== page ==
Saudi Arabia to offer tourist visas for the first time
Tourists from 38 countries in Europe, 7 in Asia, as well as the US, Canada, Australia and New Zealand, will be eligible to apply for the new visas
Tourism chief says foreign women are not required to wear abayas, provided that they wear “modest clothing”
Updated 03 October 2019
RIYADH: Saudi Arabia on Friday formally announced that tourist visas will be issued for the first time to visitors from 49 countries around the world.
The Saudi Commission for Tourism and National Heritage (SCTH) made the announcement at an event in Ad-Diriyah, an ancient city that is now a leading tourist destination.
Kickstarting tourism is one of the centerpieces of Crown Prince Mohammed bin Salman’s Vision 2030 reform program to prepare the biggest Arab economy for a post-oil era.
At the launch event that coincided with World Tourism Day, the president of SCTH Ahmed Al-Khateeb said that “the Kingdom opens its doors to the world at this historic moment, and we are a people that welcomes visitors and offers hospitality to guests.”
He added that international investors had agreed to invest SAR115 billion ($30 billion) into the tourism sector on Friday.
“Opening Saudi Arabia to international tourists is a historic moment for our country,” Tourism chief Ahmed Al-Khateeb said in a previous statement.
“Visitors will be surprised... by the treasures we have to share — five UNESCO World Heritage Sites, a vibrant local culture and breathtaking natural beauty.”
Al-Khateeb said the Kingdom will also ease its strict dress code for foreign women, allowing them to go without the abaya robe that is still mandatory public wear for Saudi women.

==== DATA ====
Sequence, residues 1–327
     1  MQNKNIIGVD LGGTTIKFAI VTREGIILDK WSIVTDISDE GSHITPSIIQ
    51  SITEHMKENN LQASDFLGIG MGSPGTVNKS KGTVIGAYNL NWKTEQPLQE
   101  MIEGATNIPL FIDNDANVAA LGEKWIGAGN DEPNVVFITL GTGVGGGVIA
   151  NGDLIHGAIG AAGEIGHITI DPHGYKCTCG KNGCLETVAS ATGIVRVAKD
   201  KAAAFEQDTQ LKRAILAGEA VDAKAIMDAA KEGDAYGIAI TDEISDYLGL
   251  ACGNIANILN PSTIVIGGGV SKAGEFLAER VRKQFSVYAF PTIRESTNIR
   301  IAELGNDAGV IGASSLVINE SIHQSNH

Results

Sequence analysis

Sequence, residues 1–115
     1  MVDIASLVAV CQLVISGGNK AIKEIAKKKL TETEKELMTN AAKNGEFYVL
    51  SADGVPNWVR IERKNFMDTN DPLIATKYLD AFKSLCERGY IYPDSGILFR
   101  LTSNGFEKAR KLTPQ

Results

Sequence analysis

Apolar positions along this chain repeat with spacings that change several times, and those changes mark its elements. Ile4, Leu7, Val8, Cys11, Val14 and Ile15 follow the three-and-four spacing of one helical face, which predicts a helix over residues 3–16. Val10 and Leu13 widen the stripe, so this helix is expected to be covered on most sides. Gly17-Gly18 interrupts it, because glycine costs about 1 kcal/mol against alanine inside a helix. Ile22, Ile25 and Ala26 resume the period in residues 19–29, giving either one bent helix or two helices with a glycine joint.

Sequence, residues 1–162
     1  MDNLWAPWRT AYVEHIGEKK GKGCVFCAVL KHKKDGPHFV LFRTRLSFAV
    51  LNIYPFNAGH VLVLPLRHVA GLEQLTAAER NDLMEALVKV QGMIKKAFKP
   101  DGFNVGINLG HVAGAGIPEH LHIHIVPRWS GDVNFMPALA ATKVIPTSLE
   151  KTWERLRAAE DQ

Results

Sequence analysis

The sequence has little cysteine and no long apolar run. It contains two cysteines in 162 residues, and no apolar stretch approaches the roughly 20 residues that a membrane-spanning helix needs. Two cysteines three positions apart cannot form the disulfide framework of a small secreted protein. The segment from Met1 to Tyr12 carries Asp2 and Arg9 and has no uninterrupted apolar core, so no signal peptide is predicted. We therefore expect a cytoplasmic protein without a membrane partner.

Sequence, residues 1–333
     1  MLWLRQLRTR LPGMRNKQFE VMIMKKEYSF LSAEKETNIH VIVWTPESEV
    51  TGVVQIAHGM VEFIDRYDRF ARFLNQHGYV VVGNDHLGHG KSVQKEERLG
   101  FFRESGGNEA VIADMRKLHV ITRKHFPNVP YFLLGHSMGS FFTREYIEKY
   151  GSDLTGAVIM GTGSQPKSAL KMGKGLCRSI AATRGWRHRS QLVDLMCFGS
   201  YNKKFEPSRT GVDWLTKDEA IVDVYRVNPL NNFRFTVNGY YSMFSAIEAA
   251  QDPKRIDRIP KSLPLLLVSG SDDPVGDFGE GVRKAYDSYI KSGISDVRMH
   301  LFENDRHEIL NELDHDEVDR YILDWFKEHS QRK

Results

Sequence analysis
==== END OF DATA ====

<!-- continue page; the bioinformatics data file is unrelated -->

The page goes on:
Foreign women, however, will be required to wear “modest clothing,” he added, without elaborating.
Tourists from 38 countries in Europe, 7 in Asia, as well as the US, Canada, Australia and New Zealand, will be eligible to apply for the new visas.
These will cost SR300 ($80), with an additional cost of SR140 for travel insurance, sources earlier told Arab News.
The visas will be valid for 360 days from the date of issue for stays of 90 days or less, and for a total of no more than 180 days in a single year.
For residents of those 49 countries, visas will be obtainable online via a seven-minute application process, or on arrival at machine kiosks or special counters in any of Saudi Arabia’s four international airports.
Applications for the tourist visas will commence on Sept. 28. The visa announcement was teased via a website and on social media by way of a video campaign, hashtagged “Where in the world?” which featured several shots of Saudi landmarks and natural wonders, prompting viewers to guess where they might be.
According to SCTH, the website has garnered over 94 million views since going live. SCTH announced on Thursday night that they have established a SR15 billion fund to support tourism projects across the Kingdom, according to reports.
They also said that they had conducted field research by inviting 100 “invisible tourists” to Saudi Arabia to gauge public reaction to their presence, but also to garner their feedback on how they found Saudi Arabia and what could be improved.
Marketing Saudi Arabia as a tourist location is one of the main goals of Vision 2030, the Kingdom’s ambitious plan to move the country away from its heavy reliance on oil as its main source of income.
While religious tourism has also been a key factor in Saudi Arabia’s income, with pilgrims from all over the world coming to Saudi Arabia to visit the holy sites of Makkah and Madinah, the government has been keen to market the rest of Saudi Arabia as a tourist destination as well.
Locations such as AlUla, NEOM, and the Red Sea are all being touted as potential tourist locations, with many other areas of the country preparing to meet the expected crowds as well. SCTH told reporters at the press conference that there are 10,000 historical locations all over the country, five of which are UNESCO World Heritage sites.